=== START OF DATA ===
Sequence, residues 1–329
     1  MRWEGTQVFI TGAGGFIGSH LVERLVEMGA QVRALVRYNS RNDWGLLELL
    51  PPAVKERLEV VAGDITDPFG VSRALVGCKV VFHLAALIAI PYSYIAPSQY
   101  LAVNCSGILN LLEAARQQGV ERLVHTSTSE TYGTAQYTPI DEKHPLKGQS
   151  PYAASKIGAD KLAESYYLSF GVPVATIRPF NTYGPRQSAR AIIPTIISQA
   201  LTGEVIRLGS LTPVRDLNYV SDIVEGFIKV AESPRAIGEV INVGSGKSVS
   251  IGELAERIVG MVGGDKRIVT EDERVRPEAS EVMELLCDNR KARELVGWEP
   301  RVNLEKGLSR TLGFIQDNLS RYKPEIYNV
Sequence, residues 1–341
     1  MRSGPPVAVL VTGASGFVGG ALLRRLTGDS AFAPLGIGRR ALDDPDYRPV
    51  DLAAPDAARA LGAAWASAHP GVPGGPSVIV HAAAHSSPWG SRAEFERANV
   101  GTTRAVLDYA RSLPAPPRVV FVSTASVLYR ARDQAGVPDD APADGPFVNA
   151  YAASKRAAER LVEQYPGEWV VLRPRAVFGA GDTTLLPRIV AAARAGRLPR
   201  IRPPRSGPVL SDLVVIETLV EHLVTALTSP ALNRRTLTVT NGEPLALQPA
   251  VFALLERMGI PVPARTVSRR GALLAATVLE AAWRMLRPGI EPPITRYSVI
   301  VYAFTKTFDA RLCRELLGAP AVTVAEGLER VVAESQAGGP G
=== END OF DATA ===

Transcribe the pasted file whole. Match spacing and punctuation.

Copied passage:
Sequence, residues 1–329
     1  MRWEGTQVFI TGAGGFIGSH LVERLVEMGA QVRALVRYNS RNDWGLLELL
    51  PPAVKERLEV VAGDITDPFG VSRALVGCKV VFHLAALIAI PYSYIAPSQY
   101  LAVNCSGILN LLEAARQQGV ERLVHTSTSE TYGTAQYTPI DEKHPLKGQS
   151  PYAASKIGAD KLAESYYLSF GVPVATIRPF NTYGPRQSAR AIIPTIISQA
   201  LTGEVIRLGS LTPVRDLNYV SDIVEGFIKV AESPRAIGEV INVGSGKSVS
   251  IGELAERIVG MVGGDKRIVT EDERVRPEAS EVMELLCDNR KARELVGWEP
   301  RVNLEKGLSR TLGFIQDNLS RYKPEIYNV
Sequence, residues 1–341
     1  MRSGPPVAVL VTGASGFVGG ALLRRLTGDS AFAPLGIGRR ALDDPDYRPV
    51  DLAAPDAARA LGAAWASAHP GVPGGPSVIV HAAAHSSPWG SRAEFERANV
   101  GTTRAVLDYA RSLPAPPRVV FVSTASVLYR ARDQAGVPDD APADGPFVNA
   151  YAASKRAAER LVEQYPGEWV VLRPRAVFGA GDTTLLPRIV AAARAGRLPR
   201  IRPPRSGPVL SDLVVIETLV EHLVTALTSP ALNRRTLTVT NGEPLALQPA
   251  VFALLERMGI PVPARTVSRR GALLAATVLE AAWRMLRPGI EPPITRYSVI
   301  VYAFTKTFDA RLCRELLGAP AVTVAEGLER VVAESQAGGP G